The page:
District of Columbia regulator approves 73MW solar PPA for default power supply

By Tom Kenning
The pilot programme with Invenergy’s project is the first of its kind in Mid-Atlantic to provide renewable energy electricity to Standard Offer Service (SOS) electricity supply load. Image: Invenergy

The Public Service Commission of the District of Columbia (DCPSC) has approved a 15-year power purchase agreement (PPA) with renewables developer Invenergy for 73MW of solar power to meet a 5% renewables target for district’s default electricity supply.
The contract is the first of its kind from a utility regulator in the Mid-Atlantic because it will serve as the Standard Offer Service (SOS) electricity supply load, which is the electricity supply from utilities to customers who do not choose alternative suppliers, beginning in December 2024.
Utility companies usually purchase SOS electricity from wholesale suppliers under a competitive bidding process regulated by the Commission. In this case, customers under the SOS programme can buy default electricity generation from Pepco, a utility provider for nearly 900,000 customers in the District of Columbia and Maryland, instead of from around 45 other competitive and unregulated electricity suppliers.
About 31% of Pepco’s total electricity supply sales came via the SOS program last year. Meanwhile, around 78% of total residential electric utility sales in the district also came through Pepco’s SOS power supply.
The new pilot programme was driven by the Commission’s directive to procure renewable energy through long-term PPAs for energy generated by solar or wind power facilities located within the PJM Interconnection (PJM) region.
The contract with Invenergy includes a levelised pricing agreement for roughly 154,000MWh per year. This corresponds to 73MW, or about 29% of the PV project’s total capacity.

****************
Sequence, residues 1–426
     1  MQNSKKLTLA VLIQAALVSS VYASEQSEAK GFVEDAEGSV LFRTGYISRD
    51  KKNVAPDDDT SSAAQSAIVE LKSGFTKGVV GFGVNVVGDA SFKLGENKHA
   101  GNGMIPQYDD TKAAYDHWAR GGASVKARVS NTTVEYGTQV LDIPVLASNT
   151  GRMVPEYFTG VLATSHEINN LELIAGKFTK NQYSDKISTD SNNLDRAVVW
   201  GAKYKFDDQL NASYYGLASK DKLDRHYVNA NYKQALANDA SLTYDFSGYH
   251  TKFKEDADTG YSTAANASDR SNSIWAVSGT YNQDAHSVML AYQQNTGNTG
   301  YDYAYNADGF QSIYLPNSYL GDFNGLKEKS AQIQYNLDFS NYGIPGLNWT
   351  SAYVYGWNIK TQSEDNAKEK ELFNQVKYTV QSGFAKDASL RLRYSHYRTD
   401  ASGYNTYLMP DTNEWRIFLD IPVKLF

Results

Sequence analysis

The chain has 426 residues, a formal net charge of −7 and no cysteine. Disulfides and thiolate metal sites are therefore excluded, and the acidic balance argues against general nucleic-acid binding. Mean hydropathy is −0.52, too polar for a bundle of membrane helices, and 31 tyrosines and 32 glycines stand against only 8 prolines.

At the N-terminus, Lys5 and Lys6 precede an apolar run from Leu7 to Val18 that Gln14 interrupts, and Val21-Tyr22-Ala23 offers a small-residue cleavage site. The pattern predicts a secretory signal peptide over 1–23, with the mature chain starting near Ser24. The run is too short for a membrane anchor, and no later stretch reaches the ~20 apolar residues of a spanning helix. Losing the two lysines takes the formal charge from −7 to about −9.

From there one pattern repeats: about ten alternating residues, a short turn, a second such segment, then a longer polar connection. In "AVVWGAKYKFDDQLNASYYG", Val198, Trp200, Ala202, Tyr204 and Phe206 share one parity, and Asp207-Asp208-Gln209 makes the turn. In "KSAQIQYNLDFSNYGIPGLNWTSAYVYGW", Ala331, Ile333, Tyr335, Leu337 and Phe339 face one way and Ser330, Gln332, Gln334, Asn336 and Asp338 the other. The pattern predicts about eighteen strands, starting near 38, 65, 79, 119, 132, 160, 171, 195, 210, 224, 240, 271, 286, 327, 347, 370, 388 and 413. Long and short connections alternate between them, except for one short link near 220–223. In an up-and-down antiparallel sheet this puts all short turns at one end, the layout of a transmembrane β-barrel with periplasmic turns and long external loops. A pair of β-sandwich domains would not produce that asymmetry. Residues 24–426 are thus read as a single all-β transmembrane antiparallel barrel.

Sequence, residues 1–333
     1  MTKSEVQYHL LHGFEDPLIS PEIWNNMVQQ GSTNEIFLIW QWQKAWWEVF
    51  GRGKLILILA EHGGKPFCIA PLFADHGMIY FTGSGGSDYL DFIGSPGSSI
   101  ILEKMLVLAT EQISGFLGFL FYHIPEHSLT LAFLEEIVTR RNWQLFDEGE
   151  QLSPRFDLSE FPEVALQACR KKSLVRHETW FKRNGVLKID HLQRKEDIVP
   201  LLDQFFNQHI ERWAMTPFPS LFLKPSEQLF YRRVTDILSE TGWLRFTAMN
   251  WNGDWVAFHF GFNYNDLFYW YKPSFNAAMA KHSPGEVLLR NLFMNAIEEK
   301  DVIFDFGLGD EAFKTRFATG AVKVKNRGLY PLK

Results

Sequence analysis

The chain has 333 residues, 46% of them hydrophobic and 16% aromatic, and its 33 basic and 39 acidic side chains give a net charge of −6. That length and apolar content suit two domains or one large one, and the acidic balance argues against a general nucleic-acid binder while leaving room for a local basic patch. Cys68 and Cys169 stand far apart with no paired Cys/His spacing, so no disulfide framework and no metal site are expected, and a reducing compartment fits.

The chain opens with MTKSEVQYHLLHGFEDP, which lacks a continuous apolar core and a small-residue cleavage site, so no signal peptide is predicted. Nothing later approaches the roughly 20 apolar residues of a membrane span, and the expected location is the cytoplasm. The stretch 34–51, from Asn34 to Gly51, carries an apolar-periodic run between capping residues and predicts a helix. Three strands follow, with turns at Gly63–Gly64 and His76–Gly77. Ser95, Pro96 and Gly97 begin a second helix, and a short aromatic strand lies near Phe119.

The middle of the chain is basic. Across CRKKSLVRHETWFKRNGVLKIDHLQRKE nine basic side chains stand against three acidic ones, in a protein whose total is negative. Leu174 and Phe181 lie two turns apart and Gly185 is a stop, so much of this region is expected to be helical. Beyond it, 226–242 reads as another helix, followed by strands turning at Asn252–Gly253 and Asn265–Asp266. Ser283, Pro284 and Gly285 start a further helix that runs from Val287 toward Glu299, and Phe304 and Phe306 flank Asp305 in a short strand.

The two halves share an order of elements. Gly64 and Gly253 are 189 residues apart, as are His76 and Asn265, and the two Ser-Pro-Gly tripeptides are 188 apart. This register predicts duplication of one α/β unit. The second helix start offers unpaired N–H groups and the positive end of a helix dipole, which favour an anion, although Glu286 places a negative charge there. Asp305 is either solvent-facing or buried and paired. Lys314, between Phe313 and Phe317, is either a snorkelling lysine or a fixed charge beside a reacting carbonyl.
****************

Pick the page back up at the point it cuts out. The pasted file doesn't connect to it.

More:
“Today’s action marks another aggressive step the Commission is taking to move the District closer to meeting its 2032 100% renewable energy goal, as well as the climate change commitments,” said Emile Thompson, Commission chair.

“By incorporating the long-term renewable energy PPA into the SOS procurement portfolio, we are taking direct action to reduce greenhouse gas emissions by promoting the construction of new renewable energy generation within the PJM Interconnection grid region. This pilot program is the product of a collaborative, comprehensive, and transparent SOS Working Group process.”
Thompson also noted intentions to participate with the SOS Working Group again in the future to explore the expansion of the percentage of SOS load served by renewable energy PPAs in the near term.

In May, Invenergy said it had achieved the milestone of reaching 30GW of clean energy generation projects over its 20-year existence. It claimed to be the first privately held energy company to achieve this milestone.
This includes 6GW of solar across 50 projects and more than 1GW of energy storage across 18 projects.
Last week Invenergy signed an agreement with CenterPoint Energy to develop the 130MW Pike County solar plant in Indiana, while in July, Invenergy announced it was launching a green hydrogen project that will be co-located with a solar farm in the US state of Illinois. The Sauk Valley Hydrogen Project will feature a proton exchange membrane (PEM) electrolyser from manufacturer Ohmium.
PJM Interconnection’s latest capacity auction for 2023/24 saw 1,868MW of solar PV procured, up 25% from the previous auction, and with a significant drop in prices.

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